Four Auto Manufacturers Showcase Fuel Cell Vehicles | Hybrid Cars

Four international car manufacturers will join forces tomorrow to demonstrate hydrogen fuel cell electric vehicles (FCEVs) are not just technologies of the future but of today.

A total of seven FCEVs from Mercedes-Benz, Honda, Hyundai and Toyota will bring their individual hydrogen fuel cell systems to the European Hydrogen Road Tour 2012.

The tour will last one month, with special event stopovers in nine European cities, where interested public will be given the opportunity to experience the benefits of this alternative drivetrain. Several cities on the tour route will be the first opportunity for the general public to approach and test drive FCEVs where the only emission is water.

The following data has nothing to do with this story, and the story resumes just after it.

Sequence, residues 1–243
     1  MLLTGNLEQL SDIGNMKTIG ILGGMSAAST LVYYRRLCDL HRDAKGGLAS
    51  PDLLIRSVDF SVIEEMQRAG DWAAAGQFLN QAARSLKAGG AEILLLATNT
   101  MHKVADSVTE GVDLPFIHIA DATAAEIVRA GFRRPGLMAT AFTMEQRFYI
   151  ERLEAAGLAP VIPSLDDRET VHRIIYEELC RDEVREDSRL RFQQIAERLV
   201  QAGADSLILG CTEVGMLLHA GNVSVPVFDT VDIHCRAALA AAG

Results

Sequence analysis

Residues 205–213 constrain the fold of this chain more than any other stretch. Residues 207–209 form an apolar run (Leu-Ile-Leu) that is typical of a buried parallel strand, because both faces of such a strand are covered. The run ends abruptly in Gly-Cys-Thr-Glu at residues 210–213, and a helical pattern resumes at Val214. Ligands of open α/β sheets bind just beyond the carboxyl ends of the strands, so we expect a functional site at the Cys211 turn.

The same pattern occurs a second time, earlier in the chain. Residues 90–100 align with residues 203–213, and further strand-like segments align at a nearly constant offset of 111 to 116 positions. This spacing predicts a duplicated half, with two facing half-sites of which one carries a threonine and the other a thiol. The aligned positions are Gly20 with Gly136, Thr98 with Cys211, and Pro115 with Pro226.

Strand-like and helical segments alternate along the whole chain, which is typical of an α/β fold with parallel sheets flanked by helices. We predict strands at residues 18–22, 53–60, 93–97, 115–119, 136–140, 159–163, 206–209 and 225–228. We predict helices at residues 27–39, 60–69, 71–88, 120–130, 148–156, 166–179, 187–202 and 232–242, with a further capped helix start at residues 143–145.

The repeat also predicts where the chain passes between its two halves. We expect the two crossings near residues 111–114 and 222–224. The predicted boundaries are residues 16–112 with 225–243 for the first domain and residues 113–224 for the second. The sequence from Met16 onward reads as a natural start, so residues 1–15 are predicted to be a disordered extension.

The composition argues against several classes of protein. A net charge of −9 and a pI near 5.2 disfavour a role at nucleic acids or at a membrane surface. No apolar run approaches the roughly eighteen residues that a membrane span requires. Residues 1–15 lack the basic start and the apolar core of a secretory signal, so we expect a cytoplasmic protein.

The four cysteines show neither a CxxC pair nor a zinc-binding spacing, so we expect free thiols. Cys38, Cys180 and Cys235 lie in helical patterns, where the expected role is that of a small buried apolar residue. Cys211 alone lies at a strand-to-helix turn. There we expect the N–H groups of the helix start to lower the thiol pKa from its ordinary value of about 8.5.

The event aims to reach out to politicians, industry leaders, press and public to help improve awareness of FCEVs by delivering a clear message. While the technology exists for hydrogen vehicles today, there is a real need to improve the European hydrogen distribution infrastructure. This tour also marks the most widespread effort to promote FCEVs in Europe this year.

Starting in Hamburg on Sept. 13, the FCEVs from participating manufacturers will afterwards move through Hannover, Bolzano, Paris, Cardiff, Bristol, Swindon, London and Copenhagen, supported by local organizations in each city. H2 Logic Denmark will provide mobile refueling stations in some stopover cities.

The European Hydrogen Road Tour 2012 is part of the “H2moves Scandinavia” project. The project is the first European Lighthouse Project for hydrogen funded by the European Fuel Cells and Hydrogen Joint Undertaking program launched by the European Commission and European industry stakeholders.

The project focuses on gaining customer acceptance for hydrogen-powered FCEVs and preparing the market for hydrogen fuel cell technology. The experience from operating 19 FCEVs in Oslo and Copenhagen and the corresponding hydrogen refueling infrastructure shows that the technology is reliable now even in harsh Scandinavian winters.


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